The investigation into suspected collusion between US President Donald Trump and the Russian government has claimed its first three victims: one (Paul Manafort) for completely unconnected money laundering charges, and two (George Papadopoulos and Michael Flynn) for lying to investigators about things which were not themselves criminal, and which are therefore crimes which would never have happened had there never been an investigation. To date, the evidence of direct collusion between Trump and the Russians is looking a little thin, to say the least. Now, into this maelstrom steps Guardian reporter Luke Harding with his book Collusion: Secret Meetings, Dirty Money, and How Russian Helped Donald Trump Win.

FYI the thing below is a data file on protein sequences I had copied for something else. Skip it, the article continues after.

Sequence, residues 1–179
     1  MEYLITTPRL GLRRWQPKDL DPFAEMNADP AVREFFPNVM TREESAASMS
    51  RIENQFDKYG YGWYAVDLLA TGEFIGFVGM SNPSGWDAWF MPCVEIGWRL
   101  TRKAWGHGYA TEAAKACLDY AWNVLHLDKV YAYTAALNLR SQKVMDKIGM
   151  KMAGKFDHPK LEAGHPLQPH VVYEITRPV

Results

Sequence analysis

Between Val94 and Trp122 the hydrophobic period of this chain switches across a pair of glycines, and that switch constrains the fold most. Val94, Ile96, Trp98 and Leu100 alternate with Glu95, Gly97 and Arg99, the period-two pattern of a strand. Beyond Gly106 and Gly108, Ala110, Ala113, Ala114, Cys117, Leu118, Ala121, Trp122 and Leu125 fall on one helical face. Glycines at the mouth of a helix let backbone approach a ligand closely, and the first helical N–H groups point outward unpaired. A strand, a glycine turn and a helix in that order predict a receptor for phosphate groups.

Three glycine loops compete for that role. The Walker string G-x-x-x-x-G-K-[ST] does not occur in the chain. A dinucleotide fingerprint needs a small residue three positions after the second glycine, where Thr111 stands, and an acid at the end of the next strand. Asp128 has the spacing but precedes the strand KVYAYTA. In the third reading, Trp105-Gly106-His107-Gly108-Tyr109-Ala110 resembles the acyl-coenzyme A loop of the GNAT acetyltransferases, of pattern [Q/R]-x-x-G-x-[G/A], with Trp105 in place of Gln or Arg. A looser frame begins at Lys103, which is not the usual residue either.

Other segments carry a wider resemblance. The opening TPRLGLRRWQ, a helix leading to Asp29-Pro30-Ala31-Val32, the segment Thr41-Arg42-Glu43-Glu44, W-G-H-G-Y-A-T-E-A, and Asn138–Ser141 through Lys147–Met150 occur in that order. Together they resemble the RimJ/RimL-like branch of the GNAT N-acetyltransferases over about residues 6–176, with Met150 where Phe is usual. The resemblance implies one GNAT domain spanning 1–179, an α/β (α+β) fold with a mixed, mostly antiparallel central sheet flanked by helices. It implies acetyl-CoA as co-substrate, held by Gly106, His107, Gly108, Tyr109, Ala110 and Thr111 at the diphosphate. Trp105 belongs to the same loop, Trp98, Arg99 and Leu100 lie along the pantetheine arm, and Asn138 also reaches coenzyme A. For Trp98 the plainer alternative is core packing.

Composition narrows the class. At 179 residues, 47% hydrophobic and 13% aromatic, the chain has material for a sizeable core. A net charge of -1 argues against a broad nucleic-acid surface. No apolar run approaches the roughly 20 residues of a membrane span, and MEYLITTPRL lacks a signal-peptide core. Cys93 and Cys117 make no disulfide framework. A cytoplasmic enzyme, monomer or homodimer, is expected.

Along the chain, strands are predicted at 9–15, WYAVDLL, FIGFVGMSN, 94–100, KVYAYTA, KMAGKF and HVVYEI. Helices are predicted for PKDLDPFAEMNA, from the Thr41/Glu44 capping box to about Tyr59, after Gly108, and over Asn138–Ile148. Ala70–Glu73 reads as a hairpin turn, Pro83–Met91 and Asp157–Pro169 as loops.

Collusion spends over 300 pages insinuating that Trump is a long-standing agent of the Russian secret services, and hinting, without ever providing any firm evidence, that Trump and his team acted on orders from the Kremlin to subvert American democracy. I’ll be honest, and admit that I picked this book up expecting it to be a series of unsubstantiated conspiracy theories, and to be utterly unbalanced in its analysis, and in that sense I’m not an unbiased reader. At the same time, I was interested to see if Harding had come up with anything that everybody else had not, and was willing to give him a chance. I needn’t have bothered. For alas, my worst suspicions proved to be true, and then some.

collusion

Continue reading Collusion

First arrest in Russia scandal – for being an ‘unregistered agent’ of Ukraine!